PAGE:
But Turo decided to do it anyway. He unlaced his boots and focused on the least noticeable girl. That seemed to be intentional on her part. She had long hair secured in a lace snood, and a naturally frowning mouth that made her seem smart and serious. He peeled off his socks, shrugged out of his overshirt, kept his pants on and splashed into the water beside her. “Hello. My name is Arturo Alfonso Berengar. It’s a pleasure to meet you.”
Her frown disappeared for a second – her version of a smile. “It’s nice to meet you, Arturo. My name is Livia Elaine Garrison.”
“We have a total of six names between us,” he observed.
“And a total of forty letters,” she replied. “In octal, that would be fifty.”
“I never octal with a girl unless I’ve known her a long time.”
The frown reversed itself as she decided he was all right. “I’ll look you up in seven or eight years, then.”
“Please do. With any lucky I’ll have accomplished something by then.”
“Everybody accomplishes something. What are your goals?”
Livia Elaine Garrison, in their extremely brief relationship, had zeroed in on the one thing that bothered Turo in an extremely deep and unsettling way. “I don’t really have any.”
And it was true. Other than making a home that was sort of like the one where he grew up, he had no particular plans.
“Maybe you don’t know what they are yet. Or maybe they don’t exist yet. Like, imagine some guy living way back in the dark ages, who is an absolute wizard at microbiology. He could stop the black plague in his tracks, if only he had equipment and knowledge from a thousand years into the future.”
Turo gave her a brief flash of funny reaction face and her eyes sparkled, indicating she was amused. “So you’re saying that my goal is already out there but it’s something I don’t know about yet.”
“And it is your duty to educate yourself!” This time her smile actually exposed teeth. “Of course, then you would wind up being a penniless scholar.”
“Penniless scholars don’t attract many girls.”
“It’s okay to be a penniless scholar if you’re a girl. I’m trying to arrange something with a family that can get me a break on tuition, though. I’ve got four degrees already. Earned them all by remote.”
Turo felt an invisible bar slam down between them, with “no losers allowed” painted on it in shiny red enamel. His brain rummaged desperately for a reply, and he was grateful for the interruption when Bowyer came storming back. She had a furious whispered conversation with Luiz, who seemed upset by the news. Turo and Livia were closest to them, and they leaned closer in an attempt to overhear, and gradually the rest stopped talking and drifted over near them, standing in a little cluster in the warm and bubbling water.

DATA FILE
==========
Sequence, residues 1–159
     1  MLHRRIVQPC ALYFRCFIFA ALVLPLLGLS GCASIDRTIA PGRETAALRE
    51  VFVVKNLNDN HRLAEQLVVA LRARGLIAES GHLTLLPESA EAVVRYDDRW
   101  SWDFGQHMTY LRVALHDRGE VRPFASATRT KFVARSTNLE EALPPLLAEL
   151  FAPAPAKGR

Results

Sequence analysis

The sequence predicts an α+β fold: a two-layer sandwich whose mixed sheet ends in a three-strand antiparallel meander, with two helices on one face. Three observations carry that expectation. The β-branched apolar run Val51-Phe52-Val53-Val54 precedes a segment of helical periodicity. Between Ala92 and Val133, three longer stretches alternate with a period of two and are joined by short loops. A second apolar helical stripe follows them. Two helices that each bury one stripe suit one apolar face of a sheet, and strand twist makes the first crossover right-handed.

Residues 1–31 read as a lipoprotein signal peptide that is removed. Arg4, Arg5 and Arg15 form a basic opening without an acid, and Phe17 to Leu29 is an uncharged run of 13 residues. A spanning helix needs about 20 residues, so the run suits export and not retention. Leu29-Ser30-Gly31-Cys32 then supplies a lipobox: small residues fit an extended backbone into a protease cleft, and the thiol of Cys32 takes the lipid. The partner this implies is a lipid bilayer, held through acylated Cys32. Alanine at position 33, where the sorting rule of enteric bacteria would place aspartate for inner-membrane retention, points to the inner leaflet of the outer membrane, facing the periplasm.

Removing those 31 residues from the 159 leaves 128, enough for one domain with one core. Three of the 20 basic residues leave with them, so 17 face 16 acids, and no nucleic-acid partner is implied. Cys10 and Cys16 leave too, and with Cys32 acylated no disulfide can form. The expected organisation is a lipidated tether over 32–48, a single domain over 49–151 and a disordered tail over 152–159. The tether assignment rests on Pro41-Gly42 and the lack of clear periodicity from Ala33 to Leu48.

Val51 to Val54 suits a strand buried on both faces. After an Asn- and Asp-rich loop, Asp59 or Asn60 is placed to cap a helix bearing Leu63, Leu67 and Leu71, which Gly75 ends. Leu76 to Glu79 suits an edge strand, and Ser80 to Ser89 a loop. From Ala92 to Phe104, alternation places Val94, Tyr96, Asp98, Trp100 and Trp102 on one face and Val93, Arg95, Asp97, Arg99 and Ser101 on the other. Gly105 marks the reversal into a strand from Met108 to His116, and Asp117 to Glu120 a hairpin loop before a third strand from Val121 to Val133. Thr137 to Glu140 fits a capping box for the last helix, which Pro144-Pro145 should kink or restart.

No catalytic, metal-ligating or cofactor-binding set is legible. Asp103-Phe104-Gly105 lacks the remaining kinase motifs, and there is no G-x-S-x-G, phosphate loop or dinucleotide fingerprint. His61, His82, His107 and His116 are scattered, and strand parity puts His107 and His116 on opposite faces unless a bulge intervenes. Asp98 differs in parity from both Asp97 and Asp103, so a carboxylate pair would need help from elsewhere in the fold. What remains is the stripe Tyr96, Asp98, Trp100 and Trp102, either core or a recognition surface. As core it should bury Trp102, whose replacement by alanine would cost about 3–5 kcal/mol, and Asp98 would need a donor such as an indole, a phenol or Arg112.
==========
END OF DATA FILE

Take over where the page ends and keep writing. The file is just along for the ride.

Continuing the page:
Luiz turned toward them.  “We can’t get a connection to call for help.”
“How did you boys get in here?” Bowyer crossed her arms.
“There’s a lot more to these caves than just the hot springs,” Andre said. “It’s a rough climb though. Maybe a couple of us could go for help.”
“I’ll go with you,” Bowyer said, cheering up at the idea of a dangerous task. “If I can get outside, maybe I can get a connection.”
Boris gnawed the ends off of two licorice strips and presented them in his fist together with three fresh ones, and they each chose. Turo wound up with one of the short strips, together with Andre. They headed to the break in the path and through the big chamber full of bats. A couple of bats dived down to investigate, and Andre couldn’t avoid letting out a yelp when one brushed his shoulder. Bowyer laughed at him and hit a switch on her lantern, turning the light a deep greenish color.
“Not sure if this will help. It works on some kinds of electronics.”
They splashed along in silence for a moment. Then Andre had a question. “Like drones?”
“Mhm.” She aimed her light down and low. “Some of them detect you by your body heat, others look for motion, some head for geographical coordinates and if they really hate you, sometimes they send one specifically looking for your face.”
“That’s harsh,” Turo said. Bowyer let out a bitter chuckle.
“We swam through this part,” Andre said as they reached the pool. “Are you waterproof?”
“Thanks for checking.” She fumbled with some of her gear, and then they splashed into the water and swam to the tunnel. Bowyer’s gun got wedged a few times but they made it through without any accidental shootings. They stood on the ledge that would have given them a great view of the farmland below if it had been daylight. But it was dark and cloudy and once they left the aura of Bowyer’s lantern they couldn’t see their hands in front of their faces.